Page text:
The 10 Best Concerts in St. Louis This Weekend: April 15 to 17


Fister will release its split with Everything Went Black this Saturday at the Demo. - PHOTO COURTESY OF FISTER
  • Photo courtesy of Fister
  • Fister will release its split with Everything Went Black this Saturday at the Demo.

With all the live entertainment this year's Record Store Day has to offer — full rundown on all of that here — it is almost a little surprising that there is room around town for anyone else to perform. But there is, including some acts getting in on the spirit of the event and releasing their own new records.

Former St. Louisan Javier Mendoza returns to the Old Rock House on Friday for his new release. Charlie Brumley and his Educated Guess will release their latest with a show at Off Broadway — read our recent review of the album here. Metal masters Fister and Everything Went Black will release their split EP at the Demo on Saturday, each covering the other's songs. Neat! Check out our full picks bellow:


David Sanborn
7:30 & 9:30 p.m. Friday and Saturday, $50. Ferring Jazz Bistro, 3536 Washington Ave, St. Louis, 314-571-6000.
By Dean C. Minderman
After more than 40 years in the music business, one might think that saxophonist David Sanborn has done it all. From playing at Woodstock with the Butterfield Blues Band, to performing on dozens of hit records with artists ranging from Stevie Wonder to David Bowie, to a successful solo career that has helped define contemporary fusion and funk, the Kirkwood native is one of the most recognizable instrumentalists on the planet, with a blues-drenched, razor-sharp tone on alto sax that has spawned legions of imitators.

Javier Mendoza CD Release Show
8 p.m., $15-$20. Old Rock House, 1200 S. 7th St., St. Louis, 314-588-0505.
By Joseph Hess
The smallest notches on Javier Mendoza's belt include awards from you, the loyal RFT readership. He has been named Best Male Vocalist, Best Solo Artist and Best Pop Artist in the past, owing to his work while living in the River City. He kickstarted what's become quite the music career after attending St. Louis University on a soccer scholarship and this show works as something of a homecoming for the Spanish singer-songwriter. The now-Nashville dweller has written tracks for several big names, including Ricky Martin and Enrique Iglesias. Pick up his latest CD at this show.

The Educated Guess CD Release Show w/ Rough Shop
8 p.m., $10. Off Broadway, 3509 Lemp Ave., St. Louis, 314-773-3363.
By Christian Schaeffer
Very few artists still make records like Charlie Brumley does, and not just here in St. Louis. His records as writer, composer, singer and pianist of the Educated Guess often swell with more than 40 musicians — strings, brass, harmony vocalists — and harken to the big-budget recordings of grandiose 1960s pop songs. He rebooted the Educated Guess from what he calls "an Americana/Ennio Morricone hybrid" with last year's self-titled LP, and exactly one year later the band has yet another LP out. Even the title of Another Educated Guess is reminiscent of the strong streak of pop classicism that runs through Brumley's work, and the new album doubles down on the well-orchestrated sound of pre-Beatles pop and rock.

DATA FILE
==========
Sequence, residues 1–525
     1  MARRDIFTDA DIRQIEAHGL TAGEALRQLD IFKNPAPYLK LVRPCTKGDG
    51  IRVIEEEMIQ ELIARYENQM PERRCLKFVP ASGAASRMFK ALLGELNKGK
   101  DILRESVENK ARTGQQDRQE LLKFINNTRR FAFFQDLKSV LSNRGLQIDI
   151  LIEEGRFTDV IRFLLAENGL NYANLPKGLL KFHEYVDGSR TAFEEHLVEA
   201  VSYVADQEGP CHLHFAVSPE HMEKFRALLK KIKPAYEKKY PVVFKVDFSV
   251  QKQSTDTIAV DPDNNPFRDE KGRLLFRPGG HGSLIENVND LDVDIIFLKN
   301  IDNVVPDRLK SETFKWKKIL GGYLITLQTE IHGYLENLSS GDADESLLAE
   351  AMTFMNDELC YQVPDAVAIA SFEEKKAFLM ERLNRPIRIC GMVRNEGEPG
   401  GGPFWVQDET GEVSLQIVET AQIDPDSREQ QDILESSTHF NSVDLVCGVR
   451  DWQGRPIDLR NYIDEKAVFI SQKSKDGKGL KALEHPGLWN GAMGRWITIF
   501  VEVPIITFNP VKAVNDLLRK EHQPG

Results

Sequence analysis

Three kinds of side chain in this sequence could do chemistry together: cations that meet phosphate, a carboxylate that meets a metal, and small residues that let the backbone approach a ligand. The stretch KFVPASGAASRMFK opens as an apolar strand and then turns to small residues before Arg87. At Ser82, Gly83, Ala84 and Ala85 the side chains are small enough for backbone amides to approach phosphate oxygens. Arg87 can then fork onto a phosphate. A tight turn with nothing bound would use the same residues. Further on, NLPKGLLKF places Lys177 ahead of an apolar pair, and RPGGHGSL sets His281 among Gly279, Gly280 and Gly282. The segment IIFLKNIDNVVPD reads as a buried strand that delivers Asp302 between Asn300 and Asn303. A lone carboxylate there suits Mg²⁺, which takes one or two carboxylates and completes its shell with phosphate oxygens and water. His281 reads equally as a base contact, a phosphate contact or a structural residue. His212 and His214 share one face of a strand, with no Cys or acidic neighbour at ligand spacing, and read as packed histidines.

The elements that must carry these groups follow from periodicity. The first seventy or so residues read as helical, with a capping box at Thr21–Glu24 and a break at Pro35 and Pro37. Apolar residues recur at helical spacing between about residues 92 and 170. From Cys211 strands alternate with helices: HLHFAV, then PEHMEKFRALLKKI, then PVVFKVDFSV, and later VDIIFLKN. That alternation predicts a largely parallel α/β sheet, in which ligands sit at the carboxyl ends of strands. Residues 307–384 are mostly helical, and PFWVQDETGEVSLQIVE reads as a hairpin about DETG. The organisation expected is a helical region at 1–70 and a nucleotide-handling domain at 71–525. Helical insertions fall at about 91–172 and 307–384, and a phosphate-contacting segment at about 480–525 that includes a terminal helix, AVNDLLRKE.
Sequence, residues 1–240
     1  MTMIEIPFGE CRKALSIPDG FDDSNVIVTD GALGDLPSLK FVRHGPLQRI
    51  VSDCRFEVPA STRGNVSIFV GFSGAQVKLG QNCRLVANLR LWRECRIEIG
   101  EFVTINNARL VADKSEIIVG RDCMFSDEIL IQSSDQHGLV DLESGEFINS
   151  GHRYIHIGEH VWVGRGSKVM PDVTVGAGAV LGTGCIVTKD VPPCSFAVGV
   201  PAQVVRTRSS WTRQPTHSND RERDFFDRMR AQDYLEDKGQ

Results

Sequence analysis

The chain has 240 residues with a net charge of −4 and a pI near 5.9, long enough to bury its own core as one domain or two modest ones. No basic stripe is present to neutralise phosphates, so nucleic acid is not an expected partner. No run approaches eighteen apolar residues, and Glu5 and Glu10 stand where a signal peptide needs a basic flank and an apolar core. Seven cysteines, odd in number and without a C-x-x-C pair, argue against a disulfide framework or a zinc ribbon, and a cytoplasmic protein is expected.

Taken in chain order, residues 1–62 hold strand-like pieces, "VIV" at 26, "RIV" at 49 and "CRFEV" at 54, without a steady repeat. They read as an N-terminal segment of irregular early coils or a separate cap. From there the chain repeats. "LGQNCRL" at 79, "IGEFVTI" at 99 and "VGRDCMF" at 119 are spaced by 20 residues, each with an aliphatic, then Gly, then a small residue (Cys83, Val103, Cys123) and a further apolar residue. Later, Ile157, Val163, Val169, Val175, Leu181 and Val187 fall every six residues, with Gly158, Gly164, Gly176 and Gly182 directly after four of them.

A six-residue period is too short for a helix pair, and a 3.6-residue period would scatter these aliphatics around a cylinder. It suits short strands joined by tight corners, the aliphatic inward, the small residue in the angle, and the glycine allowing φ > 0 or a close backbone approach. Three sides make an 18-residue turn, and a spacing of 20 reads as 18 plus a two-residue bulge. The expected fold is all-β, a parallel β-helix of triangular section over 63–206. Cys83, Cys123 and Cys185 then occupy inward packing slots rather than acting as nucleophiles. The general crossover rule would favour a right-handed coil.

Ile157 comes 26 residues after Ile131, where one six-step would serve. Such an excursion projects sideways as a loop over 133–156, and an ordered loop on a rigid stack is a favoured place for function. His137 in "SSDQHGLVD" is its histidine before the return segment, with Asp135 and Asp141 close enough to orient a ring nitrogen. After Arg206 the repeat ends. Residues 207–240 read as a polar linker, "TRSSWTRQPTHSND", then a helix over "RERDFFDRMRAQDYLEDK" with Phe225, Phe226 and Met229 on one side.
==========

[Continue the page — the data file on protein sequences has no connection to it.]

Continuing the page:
Dwight Yoakam
8 p.m., $57.50. River City Casino and Hotel, 777 River City Casino Blvd, St. Louis, 314-388-7777.
By Roy Kasten
Dwight Yoakam isn't one of country music's greatest of traditionalists just for his sound. In the '80s, the boom-twang reverberation of his Bakersfield-meets-rockabilly-meets-power-pop didn't just leap out of speakers tired of the likes of Anne Murray and the Oak Ridge Boys. In the tradition of Hank Williams and Johnny Cash, he created an iconic look: a sexy, urban cowboy with a mean streak and jeans not even Juice Newton would dare to wear. These days, just shy of 60, he still dares to don the outfit and rock the twang with his own version of the wall of sound. Last year's album Second Hand Heart struts and croons with classic Yoakam bravado and bittersweetness.

Freddie Gibbs
8 p.m., $18-$20. Fubar, 3108 Locust St, St. Louis, 314-289-9050.
By Tara Mahadevan
Freddie Gibbs' honesty ultimately makes him a more multidimensional rapper. He banks much of his career on being real, which is the spirit of his label, ESGN. His ability to work with Madlib — which he says was "like trying to piece together a puzzle" — is a testament to his adaptability, and it was a boost to his artistry. Madlib helped Gibbs become a sharper and more genuine lyricist. Gibbs has financed his career with zero backing from a major label and no radio singles. He's garnered endorsements from companies such as Adidas all on his own. And he considers it just another part of his growth.